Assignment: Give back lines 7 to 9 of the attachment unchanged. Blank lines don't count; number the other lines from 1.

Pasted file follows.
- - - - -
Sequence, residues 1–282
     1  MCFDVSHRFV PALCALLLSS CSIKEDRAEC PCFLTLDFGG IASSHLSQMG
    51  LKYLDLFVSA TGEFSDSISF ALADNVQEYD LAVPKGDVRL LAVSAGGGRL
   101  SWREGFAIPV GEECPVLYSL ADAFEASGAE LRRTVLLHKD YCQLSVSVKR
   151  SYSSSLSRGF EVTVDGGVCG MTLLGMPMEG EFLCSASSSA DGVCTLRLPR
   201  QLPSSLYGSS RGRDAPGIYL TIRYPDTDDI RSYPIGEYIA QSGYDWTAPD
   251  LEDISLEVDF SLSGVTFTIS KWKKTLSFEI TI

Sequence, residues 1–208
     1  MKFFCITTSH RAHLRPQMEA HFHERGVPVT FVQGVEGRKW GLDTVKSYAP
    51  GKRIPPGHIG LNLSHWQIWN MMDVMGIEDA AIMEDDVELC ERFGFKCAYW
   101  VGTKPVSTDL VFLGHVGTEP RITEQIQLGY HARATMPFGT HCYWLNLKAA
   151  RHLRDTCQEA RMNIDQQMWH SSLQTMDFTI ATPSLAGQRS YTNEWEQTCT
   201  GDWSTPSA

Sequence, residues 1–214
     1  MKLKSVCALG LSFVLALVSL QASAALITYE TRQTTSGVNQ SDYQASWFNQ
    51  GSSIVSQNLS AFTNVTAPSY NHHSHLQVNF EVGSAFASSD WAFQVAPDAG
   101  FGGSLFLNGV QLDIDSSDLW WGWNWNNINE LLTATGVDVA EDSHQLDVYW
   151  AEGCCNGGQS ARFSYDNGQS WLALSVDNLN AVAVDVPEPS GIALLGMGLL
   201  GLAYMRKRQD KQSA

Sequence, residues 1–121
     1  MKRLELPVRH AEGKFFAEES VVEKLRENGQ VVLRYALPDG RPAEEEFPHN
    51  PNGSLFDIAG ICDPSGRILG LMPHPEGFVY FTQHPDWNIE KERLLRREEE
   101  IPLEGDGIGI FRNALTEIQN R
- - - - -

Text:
   251  LEDISLEVDF SLSGVTFTIS KWKKTLSFEI TI

Sequence, residues 1–208
     1  MKFFCITTSH RAHLRPQMEA HFHERGVPVT FVQGVEGRKW GLDTVKSYAP